100 years ago, if you were a pedestrian, crossing the street was simple: you walked across it. Today, if there’s traffic in the area and you want to follow the law, you need to find a crosswalk. And if there’s a traffic light, you need to wait for it to change to green.
We’ve finally heard from Jay Wilds, the key witness in the murder of Hae Min Lee. And while the story he told the Intercept’s Natasha Vargas-Cooper is more believable than the one he told the police or Adnan Syed’s juries, it also makes Jay, as a witness, less credible – and thus it makes the case against Adnan much weaker.
Today, you might already know, is the winter solstice. That means for people living in the Northern Hemisphere, it’s the longest night of the year. However, as science blogger Colin Schultz points out, tonight will also be the longest night ever.
One of milk’s big sells – aside from being a nice complement to breakfast cereal – is that its high calcium-content helps build stronger bones. A big new study of more than 100,000 Swedes suggests this is absolutely false: it finds no correlation between stronger bones and milk consumption.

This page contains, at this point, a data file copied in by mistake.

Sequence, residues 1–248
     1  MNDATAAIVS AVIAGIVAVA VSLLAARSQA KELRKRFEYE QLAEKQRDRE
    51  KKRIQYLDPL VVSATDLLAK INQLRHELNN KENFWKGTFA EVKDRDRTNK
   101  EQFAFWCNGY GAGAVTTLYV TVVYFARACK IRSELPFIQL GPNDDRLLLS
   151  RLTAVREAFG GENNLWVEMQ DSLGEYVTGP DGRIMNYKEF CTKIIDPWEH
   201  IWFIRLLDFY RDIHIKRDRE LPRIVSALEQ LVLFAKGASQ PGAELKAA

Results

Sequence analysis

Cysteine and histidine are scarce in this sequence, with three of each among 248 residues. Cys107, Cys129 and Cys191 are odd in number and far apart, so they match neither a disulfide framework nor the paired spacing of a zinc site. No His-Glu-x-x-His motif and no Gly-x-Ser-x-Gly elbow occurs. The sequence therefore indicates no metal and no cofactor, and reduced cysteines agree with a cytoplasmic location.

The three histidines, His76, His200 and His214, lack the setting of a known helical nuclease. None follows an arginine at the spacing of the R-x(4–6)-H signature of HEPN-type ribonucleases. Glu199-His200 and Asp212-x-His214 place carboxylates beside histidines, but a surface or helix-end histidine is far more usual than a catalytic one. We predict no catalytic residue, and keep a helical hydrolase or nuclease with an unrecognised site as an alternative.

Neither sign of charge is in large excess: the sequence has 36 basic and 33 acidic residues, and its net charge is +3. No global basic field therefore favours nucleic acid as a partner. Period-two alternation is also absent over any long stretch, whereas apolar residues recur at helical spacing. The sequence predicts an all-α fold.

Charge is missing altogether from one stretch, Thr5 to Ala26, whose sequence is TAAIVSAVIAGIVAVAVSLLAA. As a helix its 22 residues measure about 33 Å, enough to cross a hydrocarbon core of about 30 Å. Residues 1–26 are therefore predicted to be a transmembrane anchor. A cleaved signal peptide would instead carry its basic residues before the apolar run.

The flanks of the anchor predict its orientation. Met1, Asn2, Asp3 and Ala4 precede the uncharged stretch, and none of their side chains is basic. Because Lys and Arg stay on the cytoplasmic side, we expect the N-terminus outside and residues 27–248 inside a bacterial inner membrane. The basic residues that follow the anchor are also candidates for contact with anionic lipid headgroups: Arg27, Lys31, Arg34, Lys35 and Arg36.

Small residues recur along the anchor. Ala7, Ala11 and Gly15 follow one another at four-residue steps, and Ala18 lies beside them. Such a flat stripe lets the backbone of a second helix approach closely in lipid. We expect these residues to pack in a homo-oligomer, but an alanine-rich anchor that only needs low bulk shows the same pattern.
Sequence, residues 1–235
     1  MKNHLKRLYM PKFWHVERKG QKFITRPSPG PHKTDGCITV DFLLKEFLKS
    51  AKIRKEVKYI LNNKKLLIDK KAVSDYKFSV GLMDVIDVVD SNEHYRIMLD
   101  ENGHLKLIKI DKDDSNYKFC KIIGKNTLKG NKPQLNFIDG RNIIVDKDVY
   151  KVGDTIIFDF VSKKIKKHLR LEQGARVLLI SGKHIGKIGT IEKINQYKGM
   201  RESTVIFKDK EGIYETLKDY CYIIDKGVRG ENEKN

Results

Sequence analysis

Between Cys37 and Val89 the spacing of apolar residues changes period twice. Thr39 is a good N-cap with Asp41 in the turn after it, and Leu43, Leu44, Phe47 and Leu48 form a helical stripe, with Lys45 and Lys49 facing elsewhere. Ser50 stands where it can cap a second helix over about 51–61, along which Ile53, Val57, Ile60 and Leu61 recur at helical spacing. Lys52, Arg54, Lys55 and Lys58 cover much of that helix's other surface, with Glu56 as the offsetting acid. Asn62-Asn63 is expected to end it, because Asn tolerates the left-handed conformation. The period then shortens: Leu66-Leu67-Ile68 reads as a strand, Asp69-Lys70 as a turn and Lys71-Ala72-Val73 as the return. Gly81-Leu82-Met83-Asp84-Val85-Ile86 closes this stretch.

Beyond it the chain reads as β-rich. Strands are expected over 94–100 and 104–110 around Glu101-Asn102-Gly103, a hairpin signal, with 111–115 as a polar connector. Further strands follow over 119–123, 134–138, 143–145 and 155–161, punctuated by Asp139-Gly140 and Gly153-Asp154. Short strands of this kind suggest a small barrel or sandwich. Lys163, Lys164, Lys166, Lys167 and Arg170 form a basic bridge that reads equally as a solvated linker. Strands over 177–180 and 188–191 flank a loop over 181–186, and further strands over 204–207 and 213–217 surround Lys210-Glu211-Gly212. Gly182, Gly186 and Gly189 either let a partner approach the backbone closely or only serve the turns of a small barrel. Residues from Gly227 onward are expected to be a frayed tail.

Shoshana B. Roberts – who walked around New York City for 10 hours while being filmed by a hidden camera so that she could record the harassment she received from men on the street – is already getting rape threats.
A good visualization helps you see what the data is telling you. The best visualizations help you you see things you never thought the data would tell you. These 22 charts and maps were, at least for me, in that category: all of them told me something I found surprising.
Images of the military-style crackdown in Ferguson Police in Ferguson, Missouri, have used military-grade equipment, including armored trucks, rifles, sound cannons, and tear gas, in its crackdown against protests for Michael Brown. Sometimes the police act in response to reports of thrown objects, Molotov cocktails, looting, and gunshots.
A new Pew poll confirms the not-terribly-surprising fact that there is a huge racial gap in the public’s perception of events in Ferguson. This is seen across a variety of questions they asked, but the two most important are these: Most White Americans have confidence in the integrity of the investigation into Michael Brown’s shooting, black Americans do not.
Norman Stamper spent 34 years as a cop, including as the chief of police for Seattle, a job he left one year after the city’s police drew international attention for their heavy-handed response to 1999 anti-WTO protests.
The official press briefing: From Principal Deputy Press Secretary Eric Schultz: Tonight, the President and First Lady attended the birthday celebration for Mrs. Ann Jordan at an event at the Farm Neck Golf Club. There were approximately 150 guests in attendance.